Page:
Press Release

Senator Marie Alvarado-Gil Pushes for More Stringent Measures on Illegal Cannabis Enforcement and Asset Forfeiture

SACRAMENTO – Senator Marie Alvarado-Gil (D-Jackson) presented Senate Bill 820 on the Senate Floor Monday afternoon, addressing the need for more rigorous cannabis enforcement to enhance public safety, protect the environment, and incentivize illegal growers to enter the legal market. The bill would also allow law enforcement to seize specific property located at illegal marijuana cultivation sites after an inspection warrant has been obtained.

Existing law authorizes the seizure of property used in the unlicensed manufacturing of hard liquor (i.e., moonshining), but does not apply to the unlicensed production of cannabis. Many illicit cannabis operations are able to quickly recover following enforcement actions due to complicit landlords, exploitation of workers, and remaining specialty equipment used for the cultivation and manufacturing of cannabis.

In 2021, the California Department of Fish and Wildlife eradicated 2.6 million illegal cannabis plants, seized 794 firearms, discarded over 32,000 pounds of trash from public lands, and removed 404 illegal water diversions. Additionally, the Unified Cannabis Enforcement Taskforce seized a combined total of $9.5 million in cash, and a retail value of over $1.3 billion in seized cannabis product between 2021 and 2022.

“We are almost seven years post implementation of Proposition 64, which legalized recreational marijuana, and still seeing the negative impacts of illegal cannabis cultivation on the legal market. Unlicensed cannabis farms put law-abiding growers, those who pay required fees and taxes, at a great disadvantage. Additionally, the impact on the legal market has had a disproportionate effect on social equity retailers,” said Senator Alvarado-Gil.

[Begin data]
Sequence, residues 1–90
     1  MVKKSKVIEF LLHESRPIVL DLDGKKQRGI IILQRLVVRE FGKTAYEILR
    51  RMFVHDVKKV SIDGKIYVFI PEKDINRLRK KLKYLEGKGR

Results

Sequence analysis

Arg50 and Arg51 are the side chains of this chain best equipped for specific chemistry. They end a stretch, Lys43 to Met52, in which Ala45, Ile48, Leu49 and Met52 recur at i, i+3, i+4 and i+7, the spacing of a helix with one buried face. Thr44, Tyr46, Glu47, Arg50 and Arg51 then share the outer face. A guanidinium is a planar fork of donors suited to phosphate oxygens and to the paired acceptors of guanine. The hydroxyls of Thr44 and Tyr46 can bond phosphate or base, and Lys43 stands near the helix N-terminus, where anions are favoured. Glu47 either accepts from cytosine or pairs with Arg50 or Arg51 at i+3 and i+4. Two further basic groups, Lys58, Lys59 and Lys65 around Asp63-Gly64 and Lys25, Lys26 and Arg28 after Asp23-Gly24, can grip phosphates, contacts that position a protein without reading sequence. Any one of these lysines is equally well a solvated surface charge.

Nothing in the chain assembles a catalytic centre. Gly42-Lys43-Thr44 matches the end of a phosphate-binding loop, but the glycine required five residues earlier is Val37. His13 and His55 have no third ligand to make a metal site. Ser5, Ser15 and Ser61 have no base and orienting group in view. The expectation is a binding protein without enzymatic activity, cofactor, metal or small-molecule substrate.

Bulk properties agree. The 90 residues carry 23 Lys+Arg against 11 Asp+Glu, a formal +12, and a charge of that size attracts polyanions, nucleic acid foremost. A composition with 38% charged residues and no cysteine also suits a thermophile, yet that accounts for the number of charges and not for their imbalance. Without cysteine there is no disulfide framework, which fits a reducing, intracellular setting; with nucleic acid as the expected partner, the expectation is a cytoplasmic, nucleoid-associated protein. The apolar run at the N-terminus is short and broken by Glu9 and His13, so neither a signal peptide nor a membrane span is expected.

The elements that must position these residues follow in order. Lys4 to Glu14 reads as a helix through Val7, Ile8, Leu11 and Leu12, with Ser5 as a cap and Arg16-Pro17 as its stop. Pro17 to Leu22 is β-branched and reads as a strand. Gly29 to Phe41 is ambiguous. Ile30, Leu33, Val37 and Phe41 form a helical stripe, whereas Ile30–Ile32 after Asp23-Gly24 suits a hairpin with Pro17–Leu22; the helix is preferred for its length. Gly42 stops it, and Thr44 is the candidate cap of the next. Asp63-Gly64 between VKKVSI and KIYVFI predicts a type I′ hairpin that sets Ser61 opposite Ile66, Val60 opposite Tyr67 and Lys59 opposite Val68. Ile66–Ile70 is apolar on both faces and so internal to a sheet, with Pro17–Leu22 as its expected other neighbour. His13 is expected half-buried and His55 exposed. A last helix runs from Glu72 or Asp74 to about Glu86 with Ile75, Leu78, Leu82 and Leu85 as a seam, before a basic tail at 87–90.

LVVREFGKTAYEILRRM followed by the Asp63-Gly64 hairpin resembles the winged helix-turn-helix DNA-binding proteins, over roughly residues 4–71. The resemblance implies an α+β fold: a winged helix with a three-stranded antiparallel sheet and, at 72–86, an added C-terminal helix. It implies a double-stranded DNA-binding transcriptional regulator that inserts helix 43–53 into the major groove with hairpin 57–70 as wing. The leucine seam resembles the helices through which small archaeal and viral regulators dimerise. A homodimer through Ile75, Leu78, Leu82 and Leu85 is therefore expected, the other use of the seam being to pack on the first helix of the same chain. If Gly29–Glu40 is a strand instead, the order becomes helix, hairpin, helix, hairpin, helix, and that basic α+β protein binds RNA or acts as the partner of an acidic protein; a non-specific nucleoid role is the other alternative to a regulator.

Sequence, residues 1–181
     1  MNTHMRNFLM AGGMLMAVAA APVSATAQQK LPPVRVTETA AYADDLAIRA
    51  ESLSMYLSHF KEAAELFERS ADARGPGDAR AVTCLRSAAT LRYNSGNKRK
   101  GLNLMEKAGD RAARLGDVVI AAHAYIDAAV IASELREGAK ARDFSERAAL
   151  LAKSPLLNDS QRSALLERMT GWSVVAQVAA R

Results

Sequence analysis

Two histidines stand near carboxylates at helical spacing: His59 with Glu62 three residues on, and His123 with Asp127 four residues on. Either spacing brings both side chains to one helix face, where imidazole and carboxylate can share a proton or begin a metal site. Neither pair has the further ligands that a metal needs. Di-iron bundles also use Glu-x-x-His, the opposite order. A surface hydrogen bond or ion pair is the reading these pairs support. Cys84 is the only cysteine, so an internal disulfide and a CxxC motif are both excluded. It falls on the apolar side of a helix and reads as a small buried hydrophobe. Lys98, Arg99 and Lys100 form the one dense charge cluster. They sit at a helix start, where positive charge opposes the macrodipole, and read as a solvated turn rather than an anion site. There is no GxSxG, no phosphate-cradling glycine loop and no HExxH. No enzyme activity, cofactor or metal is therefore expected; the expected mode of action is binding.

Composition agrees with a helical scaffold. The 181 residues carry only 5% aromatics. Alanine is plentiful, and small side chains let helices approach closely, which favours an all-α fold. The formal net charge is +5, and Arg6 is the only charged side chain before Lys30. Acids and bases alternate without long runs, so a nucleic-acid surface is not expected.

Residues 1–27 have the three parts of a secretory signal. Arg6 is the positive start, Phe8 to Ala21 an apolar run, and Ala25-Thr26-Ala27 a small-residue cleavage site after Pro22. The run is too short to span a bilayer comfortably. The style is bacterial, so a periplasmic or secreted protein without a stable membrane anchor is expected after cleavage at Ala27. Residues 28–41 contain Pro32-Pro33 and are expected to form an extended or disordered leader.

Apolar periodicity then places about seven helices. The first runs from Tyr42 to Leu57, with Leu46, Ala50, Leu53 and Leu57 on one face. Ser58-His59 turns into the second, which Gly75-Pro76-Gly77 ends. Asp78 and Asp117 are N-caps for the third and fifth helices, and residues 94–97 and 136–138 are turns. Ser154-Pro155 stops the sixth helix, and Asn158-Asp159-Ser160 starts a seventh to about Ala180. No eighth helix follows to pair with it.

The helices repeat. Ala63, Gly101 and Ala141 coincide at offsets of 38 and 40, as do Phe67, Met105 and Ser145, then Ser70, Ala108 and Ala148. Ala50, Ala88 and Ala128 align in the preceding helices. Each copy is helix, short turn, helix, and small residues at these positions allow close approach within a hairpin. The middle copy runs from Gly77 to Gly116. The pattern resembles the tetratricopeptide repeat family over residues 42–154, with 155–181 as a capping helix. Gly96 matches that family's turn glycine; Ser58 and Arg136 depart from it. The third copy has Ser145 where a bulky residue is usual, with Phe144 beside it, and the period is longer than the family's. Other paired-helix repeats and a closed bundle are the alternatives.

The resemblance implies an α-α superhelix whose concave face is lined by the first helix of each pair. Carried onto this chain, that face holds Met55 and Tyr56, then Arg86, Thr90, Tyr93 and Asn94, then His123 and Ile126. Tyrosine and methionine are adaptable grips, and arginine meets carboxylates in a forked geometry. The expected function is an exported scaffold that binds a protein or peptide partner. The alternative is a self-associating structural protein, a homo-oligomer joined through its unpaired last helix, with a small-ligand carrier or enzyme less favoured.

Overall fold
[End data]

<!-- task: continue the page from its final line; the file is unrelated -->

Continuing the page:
Senator Alvarado-Gil is intent on protecting small businesses that cultivate less than 1,000 plants, in addition to protecting workers employed by illegal growers. SB 820 would target unlicensed cultivation sites containing over 1,000 marijuana plants and would enable law enforcement to dismantle the equipment used in those illegal grows as a deterrent for relaunching illegal operations. Additionally, unlicensed cannabis businesses currently working to obtain licensure from the state would be exempt from these seizures. SB 820 would invest 15-percent of enforcement proceeds to the local jurisdiction and 85-percent of funds into the Cannabis Control Fund to support equity programs.

“SB 820 is a solution to ensure the integrity of the legal cannabis market, and to encourage licensed cultivation. The Cannabis Equity Act is a pivotal piece of legislation to prioritize the historic nature of communities negatively impacted by cannabis criminalization. The intent of SB 820 is to dis-incentivize illegal grows while protecting dedicated dollars for the Cannabis Control Fund - social equity funds to reinvest in the legal, regulated cannabis market,” the Senator added.

Chris Lopez, Board Chair of Rural County Representatives of California, supports SB 820 saying, “The battle against the illicit cannabis market has been a persistent and formidable challenge for our counties. Struggling with limited resources, it is of utmost importance to equip local government with enforcement tools that can truly make a difference. SB 820 will disrupt the financial operations of unlicensed growers and reinvest those funds into bolstering licensed cannabis businesses.”

SB 820 advanced from the Senate Floor with 36 AYE votes. The bill now heads to the Assembly Business and Professions Committee and the Assembly Public Safety Committee.


Senator Alvarado-Gil represents the 4th Senate District including the Counties of Alpine, Amador, Calaveras, El Dorado, Inyo, Madera, Mariposa, Merced, Mono, Nevada, Placer, Stanislaus, and Tuolumne.